NotesFAQContact Us
Search Tips
Peer reviewed Peer reviewed
Direct linkDirect link
ERIC Number: EJ893827
Record Type: Journal
Publication Date: 2010-May
Pages: 14
Abstractor: ERIC
Reference Count: 0
ISSN: ISSN-0018-2745
Quit Surfing and Start "Clicking": One Professor's Effort to Combat the Problems of Teaching the U.S. Survey in a Large Lecture Hall
Cole, Stephanie
History Teacher, v43 n3 p397-410 May 2010
Teaching an introductory survey course in a typical lecture hall presents a series of related obstacles. The large number of students, the size of the room, and the fixed nature of the seating tend to maximize the distance between instructor and students. That distance then grants enrolled students enough anonymity to skip class too frequently and offer only limited attention when there. The advent of wireless internet service has compounded the problem by bringing lecturers into competition with Facebook and other Web sites that have a high potential to absorb student-viewers, and thus seem to offer more significant distraction than texting, or its predecessor, notepassing. In the spring of 2004, a publishing representative introduced the author to classroom response systems (CRS), alternately referred to as audience response systems or "clickers". This wireless classroom technology allows every student to respond with handheld devices to multiple choice questions posed by the instructor, most commonly via PowerPoint and a projector, though some programs pose the questions in other formats. Clickers both allow instructors to engage the entire class in participation, and provide records of who is attending class and more or less paying attention. In this essay, the author presents an overview of her experience with clickers in a U.S. history survey course which points out potential pitfalls and highlights what has been helpful in the larger audience response system literature. She shares how she successfully used clickers to teach critical thinking skills and presents a brief case study of her strategy in teaching slavery at the survey level. ["Quit Surfing and Start "Clicking": One Professor's Effort to Combat the Problems of Teaching the U.S. Survey in a Large Lecture Hall" was written with Gregory Kosc.] (Contains 18 notes.)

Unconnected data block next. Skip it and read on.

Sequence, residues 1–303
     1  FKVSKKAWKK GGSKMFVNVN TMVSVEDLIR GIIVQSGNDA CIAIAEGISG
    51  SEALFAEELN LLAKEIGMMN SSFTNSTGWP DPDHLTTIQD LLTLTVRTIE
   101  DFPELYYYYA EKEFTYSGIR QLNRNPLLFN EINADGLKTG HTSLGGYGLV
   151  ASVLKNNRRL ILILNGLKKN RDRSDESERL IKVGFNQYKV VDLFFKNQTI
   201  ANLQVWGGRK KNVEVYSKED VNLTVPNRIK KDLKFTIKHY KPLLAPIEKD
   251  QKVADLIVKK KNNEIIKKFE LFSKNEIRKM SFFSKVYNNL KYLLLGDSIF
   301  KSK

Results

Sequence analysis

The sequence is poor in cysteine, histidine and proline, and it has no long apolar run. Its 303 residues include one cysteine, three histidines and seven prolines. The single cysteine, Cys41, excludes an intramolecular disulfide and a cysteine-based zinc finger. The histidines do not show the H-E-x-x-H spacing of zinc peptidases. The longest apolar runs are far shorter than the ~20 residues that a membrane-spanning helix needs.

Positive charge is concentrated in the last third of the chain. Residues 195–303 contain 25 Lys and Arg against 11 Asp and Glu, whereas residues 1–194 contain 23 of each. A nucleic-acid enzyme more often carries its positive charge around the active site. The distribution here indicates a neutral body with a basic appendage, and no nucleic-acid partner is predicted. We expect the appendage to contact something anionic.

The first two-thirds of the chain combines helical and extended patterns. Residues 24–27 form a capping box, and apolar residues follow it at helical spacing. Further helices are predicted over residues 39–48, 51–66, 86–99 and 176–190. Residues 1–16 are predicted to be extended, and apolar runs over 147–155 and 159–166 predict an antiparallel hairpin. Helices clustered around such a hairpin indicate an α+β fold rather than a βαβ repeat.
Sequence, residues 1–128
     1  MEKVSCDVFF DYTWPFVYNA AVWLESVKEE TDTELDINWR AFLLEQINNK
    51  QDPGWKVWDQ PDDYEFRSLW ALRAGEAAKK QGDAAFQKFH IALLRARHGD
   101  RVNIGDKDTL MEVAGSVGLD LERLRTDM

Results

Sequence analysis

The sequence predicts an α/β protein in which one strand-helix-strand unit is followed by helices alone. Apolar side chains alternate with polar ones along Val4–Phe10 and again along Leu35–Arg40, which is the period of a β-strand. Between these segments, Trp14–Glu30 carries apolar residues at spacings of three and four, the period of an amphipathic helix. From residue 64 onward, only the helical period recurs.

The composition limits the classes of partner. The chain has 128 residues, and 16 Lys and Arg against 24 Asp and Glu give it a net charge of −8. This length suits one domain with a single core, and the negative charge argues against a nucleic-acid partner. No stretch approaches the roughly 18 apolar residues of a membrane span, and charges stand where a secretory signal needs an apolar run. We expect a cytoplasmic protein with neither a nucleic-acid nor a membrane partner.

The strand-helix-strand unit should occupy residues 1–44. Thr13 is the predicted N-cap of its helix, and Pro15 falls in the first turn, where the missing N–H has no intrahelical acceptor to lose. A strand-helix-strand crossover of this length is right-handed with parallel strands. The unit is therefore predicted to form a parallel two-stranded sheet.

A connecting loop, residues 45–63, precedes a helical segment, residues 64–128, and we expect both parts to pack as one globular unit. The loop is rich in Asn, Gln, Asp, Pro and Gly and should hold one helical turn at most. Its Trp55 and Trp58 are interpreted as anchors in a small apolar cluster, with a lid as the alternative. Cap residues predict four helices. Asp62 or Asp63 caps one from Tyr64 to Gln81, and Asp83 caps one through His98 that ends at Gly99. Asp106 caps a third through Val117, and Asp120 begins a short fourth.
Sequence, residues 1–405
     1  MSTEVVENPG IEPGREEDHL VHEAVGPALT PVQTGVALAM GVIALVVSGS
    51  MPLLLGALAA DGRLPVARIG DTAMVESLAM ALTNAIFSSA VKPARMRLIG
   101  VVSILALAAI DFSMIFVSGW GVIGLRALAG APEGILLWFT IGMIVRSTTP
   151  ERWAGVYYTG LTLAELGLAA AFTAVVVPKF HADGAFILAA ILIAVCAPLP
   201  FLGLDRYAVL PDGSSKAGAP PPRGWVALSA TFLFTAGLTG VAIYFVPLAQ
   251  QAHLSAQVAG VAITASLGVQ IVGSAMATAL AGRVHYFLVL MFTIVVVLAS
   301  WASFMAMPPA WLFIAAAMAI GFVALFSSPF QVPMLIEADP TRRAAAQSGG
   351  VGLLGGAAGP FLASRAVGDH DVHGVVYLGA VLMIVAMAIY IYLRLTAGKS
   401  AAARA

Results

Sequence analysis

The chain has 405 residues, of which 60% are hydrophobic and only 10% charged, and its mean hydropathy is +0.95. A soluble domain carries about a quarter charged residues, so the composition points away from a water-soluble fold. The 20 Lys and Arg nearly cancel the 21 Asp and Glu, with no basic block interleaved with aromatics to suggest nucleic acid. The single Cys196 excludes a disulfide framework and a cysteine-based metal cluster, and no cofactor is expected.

Society for History Education. California State University, Long Beach, 1250 Bellflower Boulevard, Long Beach, CA 90840-1601. Tel: 562-985-2573; Fax: 562-985-5431; Web site:
Publication Type: Journal Articles; Opinion Papers
Education Level: Higher Education; Postsecondary Education
Audience: N/A
Language: English
Sponsor: N/A
Authoring Institution: N/A